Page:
Generally speaking, products in competitive markets won't have too much of an impact on their markets as a whole. After all, they are one of a number of competitors that offer similar upsides to similar consumers, which tends to reduce their influence. However, there are exceptions to this particular rule, with an excellent example being the Honda Super Cub.
In short, the Honda Super Cub is a motorcycle that saw its initial release in 1958. To be exact, it is an underbone motorcycle, meaning that it consists of a steel structure that has been overlaid with non-structural body panels made out of either plastic or some other material. This is opposed to other motorcycle designs in which both the body and the structure are made out of steel, thus offering a very different set of advantages and disadvantages for interested individuals. Regardless, underbone motorcycles such as the Honda Super Cub tend to be most popular in the Asian market, but it is important to note that they are popular in a wide range of other regions such as Eastern Europe, Latin America, and the Middle East as well.
As for the Honda Super Cub in particular, well, suffice to say that it is very, very popular. For proof, look no further than the fact that it has managed to sell more than 100 million units, which is enough to make it the single most produced motor vehicle to have come into existence so far. Furthermore, the Honda Super Cub is connected to one of the most famous marketing campaigns to have ever been conducted, which is still familiar to a lot of people by the phrase, "You meet the nicest people on a Honda." Something that had a critical impact on not just the Honda Super Cub but also motorcycling as a whole, so much so that the marketing campaign is still studied in the present by people seeking to glean insight from it.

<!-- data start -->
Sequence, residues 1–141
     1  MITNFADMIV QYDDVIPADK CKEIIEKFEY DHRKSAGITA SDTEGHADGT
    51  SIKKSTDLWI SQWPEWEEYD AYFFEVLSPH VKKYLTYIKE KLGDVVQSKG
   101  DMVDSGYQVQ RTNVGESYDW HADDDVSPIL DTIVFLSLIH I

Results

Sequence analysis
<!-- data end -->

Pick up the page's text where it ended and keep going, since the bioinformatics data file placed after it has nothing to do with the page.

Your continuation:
How Has the Honda Super Cub Changed Over Time?
Of course, there is no such thing as a product that can remain popular over the course of decades and decades without seeing a fair number of changes. Sometimes, changes happen to make products better-suited for new markets. Other times, changes happen to make products more competitive in their current markets. Whatever the exact cause behind them, the Honda Super Cub has certainly seen its fair share of continuing evolution over time.
For instance, the first variation on the Honda Super Cub popped up in April of 1960 under the label C102, which was similar to its predecessor for the most part but boasted a number of new features such as electric start and kick starting. However, it was the C50 in 1966 that went on to become one of the most famous versions of the Honda Super Cub to be ever released, seeing as how it remained in production into the mid 1980s because of various improvements that enabled it to appeal to a wide range of market segments over that period of time. With that said, while the C50 proved to be very popular, Honda wasn't exactly content to rest on its laurels, which is why it proceeded to release more versions such as the C70. For the most part, these new versions looked similar to their predecessors, but they had important changes that made for important consequences. One excellent example can be found in what was called the Honda Dream, which was a version with a 100 cc engine that was meant for the Southeast Asian market but managed to sell enough that it was brought over to other locales as well.
Besides the standard Honda Super Cub line, it should be mentioned that there have been other lines as well. One example was the Honda Sports Cub that was released in 1960, while another example was the Honda Trail, which is an early example of what would now be called a dual-sport motorcycle. Unfortunately, neither of these two lines met with the same success as their standard counterparts, which is why they faded out in the 1960s.
Nowadays, the Honda Super Cub remains a popular choice of ride in a wide range of markets. As a result, Honda is still releasing new versions with new features to keep it popular for new generations of riders. However, Honda Super Cubs remain Honda Super Cubs, as shown by how the 60th Anniversary Edition bears a color scheme as well as a catch phrase that should prove very familiar for people who remember the line's earlier days in the U.S. market.
Written by Garrett Parker
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